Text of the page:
Texas Teacher Barred From Classroom After Sharing a Photo of Her Wife
A teacher in Texas has filed a lawsuit against the school district, alleging she was discriminated against because she’s gay. Stacy Bailey, who teaches art atÂ Charlotte Anderson Elementary School in Arlington, Texas, says she was removed from her classroom and placed on administrative leave because she included a picture of her now-wife in a classroom slideshow. The entire case is absolutely infuriating, and only highlights just how much work there is to do.
Stacy Bailey has been a teacher at the school since 2008. She’s been named Teacher of the Year TWICE. But one innocent picture has derailed her career.
Most students know details about the personal lives of their teachers. They see photos of family on desks. Teachers tell stories about them in class. @MansfieldISD, this is discriminatory. I stand beside you, Stacy Bailey. #equalityforall https://t.co/zBRZX751mM
— Billie Jean King (@BillieJeanKing) May 10, 2018
During a slideshow Stacy put together to introduce herself to her new students, she included a photo of herself with then-girlfriend Julie Vazquez. Ms. Bailey and Ms. Vazquez had been together for seven years by that point. The picture showed the couple dressed as Dory and Nemo. Just a cute family photo! She referred to Ms. Vazquez as her “future wife”, and that’s when the trouble began.
Shortly after the slideshow presentation at the end of August, Ms. Bailey was informed by the principal that a parent had lodged a complaint.
The parent complained that Ms. Bailey was “promoting the homosexual agenda” by showing the class a picture of her dressed as a cartoon fish with the woman who would eventually become her wife. Ms. Bailey says the principal told her she’d done nothing wrong. In fact, that same parent had complained before, concerning a lesson on Jasper Johns and a comment made in passing about his partner,Â artist Robert Rauschenberg.
Just a reminder: Stacy Bailey was suspended from her job after a parent complained that she showed students a photo of her "future wife" during her introduction powerpoint presentation to students. The parent accused her of pushing a "homosexual agenda."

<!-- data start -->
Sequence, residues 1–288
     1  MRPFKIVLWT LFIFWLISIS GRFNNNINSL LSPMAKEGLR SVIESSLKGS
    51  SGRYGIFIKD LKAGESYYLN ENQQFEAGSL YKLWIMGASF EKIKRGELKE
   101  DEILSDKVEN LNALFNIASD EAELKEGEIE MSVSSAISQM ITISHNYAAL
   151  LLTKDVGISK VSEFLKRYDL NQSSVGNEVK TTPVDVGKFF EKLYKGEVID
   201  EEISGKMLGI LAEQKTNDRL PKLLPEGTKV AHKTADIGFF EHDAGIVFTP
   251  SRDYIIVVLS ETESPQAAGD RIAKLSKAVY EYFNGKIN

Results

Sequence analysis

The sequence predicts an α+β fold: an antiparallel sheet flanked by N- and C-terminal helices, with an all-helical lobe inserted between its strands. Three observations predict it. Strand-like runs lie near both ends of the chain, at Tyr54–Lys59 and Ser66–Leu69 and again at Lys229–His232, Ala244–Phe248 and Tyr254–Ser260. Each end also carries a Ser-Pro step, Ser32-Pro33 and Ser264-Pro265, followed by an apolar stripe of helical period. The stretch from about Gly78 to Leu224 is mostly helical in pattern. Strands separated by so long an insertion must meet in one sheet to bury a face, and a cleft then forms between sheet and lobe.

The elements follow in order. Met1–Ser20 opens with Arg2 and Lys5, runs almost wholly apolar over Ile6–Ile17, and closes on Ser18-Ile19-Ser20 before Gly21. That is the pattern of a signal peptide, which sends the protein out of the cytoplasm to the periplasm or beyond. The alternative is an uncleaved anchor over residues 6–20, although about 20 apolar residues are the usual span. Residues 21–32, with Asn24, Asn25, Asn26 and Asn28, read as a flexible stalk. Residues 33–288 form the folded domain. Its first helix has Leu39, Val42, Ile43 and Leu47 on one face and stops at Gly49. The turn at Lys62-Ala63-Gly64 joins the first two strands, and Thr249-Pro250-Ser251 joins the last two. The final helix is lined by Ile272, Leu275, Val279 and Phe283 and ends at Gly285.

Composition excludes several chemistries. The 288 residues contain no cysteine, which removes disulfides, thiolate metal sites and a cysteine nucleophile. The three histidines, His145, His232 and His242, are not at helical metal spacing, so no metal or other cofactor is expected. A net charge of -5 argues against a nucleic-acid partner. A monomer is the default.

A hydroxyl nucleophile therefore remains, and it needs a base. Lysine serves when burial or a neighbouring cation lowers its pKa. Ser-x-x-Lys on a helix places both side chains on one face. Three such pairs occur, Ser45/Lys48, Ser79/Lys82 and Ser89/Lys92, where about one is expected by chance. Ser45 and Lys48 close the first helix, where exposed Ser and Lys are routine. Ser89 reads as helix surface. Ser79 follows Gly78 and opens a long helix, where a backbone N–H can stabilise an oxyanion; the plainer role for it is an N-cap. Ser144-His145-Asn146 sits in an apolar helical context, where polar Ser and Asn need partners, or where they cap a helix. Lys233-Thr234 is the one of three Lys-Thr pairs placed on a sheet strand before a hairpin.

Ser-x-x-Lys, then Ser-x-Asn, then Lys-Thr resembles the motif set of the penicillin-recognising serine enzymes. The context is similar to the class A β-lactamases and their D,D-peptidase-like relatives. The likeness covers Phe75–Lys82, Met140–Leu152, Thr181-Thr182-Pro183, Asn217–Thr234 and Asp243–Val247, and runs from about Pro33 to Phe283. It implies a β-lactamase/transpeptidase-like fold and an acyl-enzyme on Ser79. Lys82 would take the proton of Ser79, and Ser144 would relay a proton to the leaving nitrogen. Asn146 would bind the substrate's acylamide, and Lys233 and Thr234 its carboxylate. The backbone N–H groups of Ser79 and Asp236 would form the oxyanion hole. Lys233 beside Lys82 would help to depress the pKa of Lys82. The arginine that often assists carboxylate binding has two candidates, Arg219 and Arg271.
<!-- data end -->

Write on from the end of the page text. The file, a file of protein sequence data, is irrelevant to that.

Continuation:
— Amber Jamieson (@ambiej) May 8, 2018
According to the lawsuit, the parent told assistant superintendent Kimberly Cantu that Ms. Bailey had shown the children “sexually inappropriate” images. The lawsuit also alleges that other parents lodged complaints after being urged to do so by the first parent. Cantu is listed as one of the defendants in the lawsuit.
Ms. Bailey was asked to resign in October, but refused. She was placed on administrative leave in September. She says she’s been instructed by the district not to speak about the case or attend events on school grounds.
Elementary school teacher Stacy Bailey was barred from her school when she shared material that was deemed â€œcontroversial.â€ It was a photo of her and her wife in?'Finding?Nemo'?costumes. https://t.co/OzqmVP6ykK pic.twitter.com/W0P65a38KJ
— Teaching Tolerance (@Tolerance_org) May 11, 2018
The Mansfield Independent School District sees things a bit differently. In a statement, they said, “There has never been an issue with her open sexual orientation until this year. Thatâ€™s when her actions in the classroom changed, which prompted her students to voice concerns to their parents.” They claim the issue isn’t that Stacy Bailey is gay (sure, Jan). They allege she violated district guidelines that require “controversial subjects be taught in â€˜an impartial and objective manner.â€™ Teachers shall not use the classroom to transmit personal belief regarding political or sectarian issues.”
Controversial subjects? Ohhhh…kay? She included a picture of her wife in a slideshow, and called her “my future wife”. Not sure what’s so controversial about that. Stacy Bailey says, “The bottom line is that our family has a right to talk about our family just the same as any other family.”
Yes, you do, Ms. Bailey. And I sincerely hope your lawsuit is successful, and you are able to return to the classroom where you belong. It’s 2018, people. This shouldn’t be an issue.